Here at Heart and Health, we do sleep apnea screenings that you can take home with you and perform comfortably in your own bed in order to determine the severity of your sleep apnea, if it’s present. If you or the cardiologist suspects sleep apnea, you’ll be sent home with a 3-piece Airview device.
The monitor piece is placed on your chest with a strap to secure it during sleep, and it records breathing. The second piece is a pulse oximeter placed on a finger, and monitors heart rate and oxygen levels. And the final piece is a cannula, which goes into your nostrils and monitors breathing. The results will then be read by a cardiologist here at Heart and Health, then discussed with you to figure out treatment plans.
If tests show 1-15 episodes per hour, the patient can be diagnosed with mild sleep apnea. 15-30 would be moderate, and 30+ is severe. The test can show instances of both apnea and hypopnea. Apnea is a complete obstruction of the airway, while a hypopnea is less severe. It is a partial obstruction, which a CPAP device can easily fix with a little bit of air pressure added to the airway.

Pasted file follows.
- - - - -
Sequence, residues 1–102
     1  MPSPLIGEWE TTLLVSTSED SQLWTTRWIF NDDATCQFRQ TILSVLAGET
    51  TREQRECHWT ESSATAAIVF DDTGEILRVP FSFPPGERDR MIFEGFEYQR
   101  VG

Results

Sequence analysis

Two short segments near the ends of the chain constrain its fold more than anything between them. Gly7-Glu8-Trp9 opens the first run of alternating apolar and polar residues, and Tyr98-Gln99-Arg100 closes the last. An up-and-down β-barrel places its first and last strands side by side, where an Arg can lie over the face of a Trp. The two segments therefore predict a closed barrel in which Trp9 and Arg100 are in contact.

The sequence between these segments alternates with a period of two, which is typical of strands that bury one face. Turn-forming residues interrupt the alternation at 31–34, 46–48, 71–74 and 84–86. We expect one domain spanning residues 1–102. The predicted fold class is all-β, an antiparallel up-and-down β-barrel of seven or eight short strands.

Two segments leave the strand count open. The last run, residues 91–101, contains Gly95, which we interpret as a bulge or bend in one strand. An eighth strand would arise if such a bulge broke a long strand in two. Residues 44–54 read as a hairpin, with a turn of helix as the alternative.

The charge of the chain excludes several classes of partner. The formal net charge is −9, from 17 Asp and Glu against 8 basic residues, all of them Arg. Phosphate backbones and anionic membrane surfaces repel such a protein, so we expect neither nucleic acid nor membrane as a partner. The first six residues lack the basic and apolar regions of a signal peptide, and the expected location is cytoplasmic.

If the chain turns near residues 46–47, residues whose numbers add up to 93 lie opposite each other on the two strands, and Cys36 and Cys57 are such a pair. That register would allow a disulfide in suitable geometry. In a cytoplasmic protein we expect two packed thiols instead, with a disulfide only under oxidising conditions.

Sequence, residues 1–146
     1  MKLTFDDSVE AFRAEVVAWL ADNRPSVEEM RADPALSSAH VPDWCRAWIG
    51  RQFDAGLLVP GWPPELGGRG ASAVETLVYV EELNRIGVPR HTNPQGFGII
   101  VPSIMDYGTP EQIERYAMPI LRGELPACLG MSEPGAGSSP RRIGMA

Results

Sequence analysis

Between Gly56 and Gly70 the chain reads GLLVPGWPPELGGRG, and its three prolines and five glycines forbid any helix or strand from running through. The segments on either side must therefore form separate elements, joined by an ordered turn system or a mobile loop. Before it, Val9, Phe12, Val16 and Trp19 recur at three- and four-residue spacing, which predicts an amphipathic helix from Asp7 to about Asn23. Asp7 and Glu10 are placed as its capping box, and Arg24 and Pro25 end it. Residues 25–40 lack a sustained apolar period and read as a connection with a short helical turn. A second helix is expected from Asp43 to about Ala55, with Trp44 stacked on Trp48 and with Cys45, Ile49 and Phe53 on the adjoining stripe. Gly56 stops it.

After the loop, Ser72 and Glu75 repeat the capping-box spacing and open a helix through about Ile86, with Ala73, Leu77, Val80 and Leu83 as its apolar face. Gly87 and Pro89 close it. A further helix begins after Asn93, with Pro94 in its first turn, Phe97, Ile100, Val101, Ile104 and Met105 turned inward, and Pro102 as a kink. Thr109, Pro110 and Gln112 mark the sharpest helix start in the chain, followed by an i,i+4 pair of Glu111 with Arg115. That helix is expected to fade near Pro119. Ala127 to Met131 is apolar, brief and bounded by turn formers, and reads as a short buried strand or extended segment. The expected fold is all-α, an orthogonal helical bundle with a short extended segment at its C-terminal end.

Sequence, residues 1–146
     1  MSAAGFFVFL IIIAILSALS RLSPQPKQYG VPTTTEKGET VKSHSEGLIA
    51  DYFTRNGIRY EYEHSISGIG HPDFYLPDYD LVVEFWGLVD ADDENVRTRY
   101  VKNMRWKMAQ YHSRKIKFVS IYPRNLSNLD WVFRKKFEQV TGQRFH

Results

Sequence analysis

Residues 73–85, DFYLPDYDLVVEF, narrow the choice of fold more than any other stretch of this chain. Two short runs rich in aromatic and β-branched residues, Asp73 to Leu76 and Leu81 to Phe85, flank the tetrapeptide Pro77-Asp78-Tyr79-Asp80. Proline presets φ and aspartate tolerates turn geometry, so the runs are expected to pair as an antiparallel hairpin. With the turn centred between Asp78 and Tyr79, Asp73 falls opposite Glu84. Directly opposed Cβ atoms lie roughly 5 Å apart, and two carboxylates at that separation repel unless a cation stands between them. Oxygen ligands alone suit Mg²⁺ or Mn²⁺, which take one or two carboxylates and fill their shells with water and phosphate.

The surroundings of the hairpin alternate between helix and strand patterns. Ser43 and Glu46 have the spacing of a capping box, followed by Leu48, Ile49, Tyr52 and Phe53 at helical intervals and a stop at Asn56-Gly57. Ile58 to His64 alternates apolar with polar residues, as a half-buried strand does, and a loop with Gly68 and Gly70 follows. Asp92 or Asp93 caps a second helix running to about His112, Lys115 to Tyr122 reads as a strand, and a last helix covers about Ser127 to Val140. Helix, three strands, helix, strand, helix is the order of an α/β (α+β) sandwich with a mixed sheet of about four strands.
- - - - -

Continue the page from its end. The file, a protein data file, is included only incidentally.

Below is an example of a severe case of sleep apnea and how it is scored in an eight hour test.
Alternatively, a sleep study (polysomnogram) could be performed in a lab, where you would be hooked up to a machine used to monitor heart rate, oxygen levels, and brain waves as you sleep. It can determine how many interruptions in your sleep cycle occur due to lack of oxygen. This can help diagnose the disorder, rule out other possibilities, or help identify related ailments.
Though most insurances cover the cost of a sleep test, the cost pales in comparison to the medical cost of the heart disease, stroke, or other complications that would result if the sleep apnea remained untreated.
Unsure of you have sleep apnea? Click here for the STOP-BANG test to see your likelihood of having/being at risk for sleep apnea.
By: Jennifer LaBombard